On RealTalk, I spoke to people from all over the country, each with a different background and set of experiences. Many of them were Trump supporters. It was very interesting to speak to them about why they planned to vote for Trump, and the experiences that led there. It gave me more empathy for their situation. I realized that if I had grown up in their shoes and experienced each moment just as they had, I too would be voting for Donald Trump. This is a powerful realization and one that I wanted to share with others. In fall 2016, weeks before the election, I built two sites with my friend Mark Kinsey: calladeplorable.com and callanelitist.com. On each site, you would enter your phone number and be anonymously connected to a Trump or Clinton supporter, respectively. We facilitated over 500 calls, with most at least 5 minutes long (and many in the 20-30 minute range). Some of my Clinton supporting friends were surprised to learn that many Trump supporters had attended top schools and lived in metropolitan areas. It was an important reminder (especially for me) that stereotypes and preconceived notions only hold us back from connecting with other human beings. The more we can remove these barriers, the better off we'll be.
On RealTalk Classic, many new users did not have friends using the app yet, so there was no way for them to understand its value when they signed up. To solve this, I added a default friend for every user called “Team Alexandre”. Team Alexandre sent you some initial tutorial messages, and if you sent him a message he would always respond back promptly, that way you could understand how the app works and you might invite some friends. That worked to a certain extent, but a more interesting behavior emerged: people started treating Team Alexandre like a real friend, talking to him about their day or how their life was going. This made me think that instead of being an app to talk to your IRL friends (we already have a lot of apps to do that), RealTalk should be an app to make new friends.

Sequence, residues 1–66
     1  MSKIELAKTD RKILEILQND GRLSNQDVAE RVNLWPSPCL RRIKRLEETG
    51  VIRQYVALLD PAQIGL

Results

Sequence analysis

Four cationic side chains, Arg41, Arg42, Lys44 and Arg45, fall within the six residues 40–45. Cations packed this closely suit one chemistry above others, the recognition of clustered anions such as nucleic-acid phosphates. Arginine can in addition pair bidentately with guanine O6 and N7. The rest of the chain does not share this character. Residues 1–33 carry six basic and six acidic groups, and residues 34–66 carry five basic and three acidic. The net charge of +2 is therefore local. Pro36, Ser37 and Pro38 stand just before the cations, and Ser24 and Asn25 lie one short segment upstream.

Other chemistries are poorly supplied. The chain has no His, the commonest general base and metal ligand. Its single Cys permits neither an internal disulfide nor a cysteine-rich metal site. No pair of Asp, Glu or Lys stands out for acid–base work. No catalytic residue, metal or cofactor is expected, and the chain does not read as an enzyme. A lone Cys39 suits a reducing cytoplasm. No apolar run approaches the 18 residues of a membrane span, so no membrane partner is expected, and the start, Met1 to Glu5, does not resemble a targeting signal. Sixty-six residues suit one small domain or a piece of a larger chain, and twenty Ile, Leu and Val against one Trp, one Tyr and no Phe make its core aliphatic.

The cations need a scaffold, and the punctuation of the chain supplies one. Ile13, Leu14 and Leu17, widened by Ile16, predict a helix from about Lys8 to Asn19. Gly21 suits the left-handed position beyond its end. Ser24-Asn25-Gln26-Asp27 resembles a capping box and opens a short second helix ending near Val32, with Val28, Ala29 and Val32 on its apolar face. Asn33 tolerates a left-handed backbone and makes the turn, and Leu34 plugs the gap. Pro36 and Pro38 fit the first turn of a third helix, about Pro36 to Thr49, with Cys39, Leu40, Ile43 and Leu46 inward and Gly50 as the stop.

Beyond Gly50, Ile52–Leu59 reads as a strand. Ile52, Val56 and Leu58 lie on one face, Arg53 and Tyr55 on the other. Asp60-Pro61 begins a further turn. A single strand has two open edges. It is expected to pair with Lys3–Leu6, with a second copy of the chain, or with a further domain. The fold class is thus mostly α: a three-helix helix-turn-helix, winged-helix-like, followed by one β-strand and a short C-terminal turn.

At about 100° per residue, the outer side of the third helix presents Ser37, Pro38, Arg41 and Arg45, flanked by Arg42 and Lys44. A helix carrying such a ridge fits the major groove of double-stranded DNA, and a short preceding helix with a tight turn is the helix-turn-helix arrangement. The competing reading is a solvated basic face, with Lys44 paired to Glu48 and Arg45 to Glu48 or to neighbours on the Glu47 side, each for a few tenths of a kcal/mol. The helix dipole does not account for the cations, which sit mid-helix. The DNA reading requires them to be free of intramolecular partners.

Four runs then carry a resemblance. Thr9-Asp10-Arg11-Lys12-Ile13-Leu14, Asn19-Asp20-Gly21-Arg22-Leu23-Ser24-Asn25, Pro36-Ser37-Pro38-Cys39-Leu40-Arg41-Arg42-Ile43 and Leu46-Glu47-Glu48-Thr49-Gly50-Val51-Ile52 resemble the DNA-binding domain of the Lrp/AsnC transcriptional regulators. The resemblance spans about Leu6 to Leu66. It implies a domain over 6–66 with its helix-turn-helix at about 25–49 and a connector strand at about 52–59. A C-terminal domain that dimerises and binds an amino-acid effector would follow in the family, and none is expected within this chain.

In fall 2015, I started working with two other ex-FB designers, Keegan Jones and Daniel Warner Smith, to explore this idea of meeting new people through video messages. We felt that we could create a product that would allow young people to make “internet friends” — people you meet online but might never meet in real life. By early 2016, we had launched an entirely new product, also called RealTalk. On this new RealTalk, every person had a “conversation starter” — a simple question that you could answer to start a conversation with them. It was entirely video based, but the videos were pixelated — this was designed to help people feel more comfortable with the medium, and put emphasis on conversation and connection with another human being, instead of just vanity. Really interesting behavior emerged. The pixelation made it feel anonymous — you felt like you could share your deepest thoughts because it wasn't tied to your online identity at all. But unlike other anonymous apps, the pixelated video still made you feel like you were talking to another human being. You could see their facial expressions, hear their voice — you really felt them. Many people would end up having these very deep, vulnerable conversations. It didn't hurt that a lot of the default conversation starters were reflective, more introspective questions. When you have these open conversations with people all over the world, you start to realize that really we'll all just human beings. Deep down we share a lot of the same problems and concerns. There was a real magic to it. You can see a video of RealTalk here: https://www.youtube.com/watch?v=Xske1ujRlHA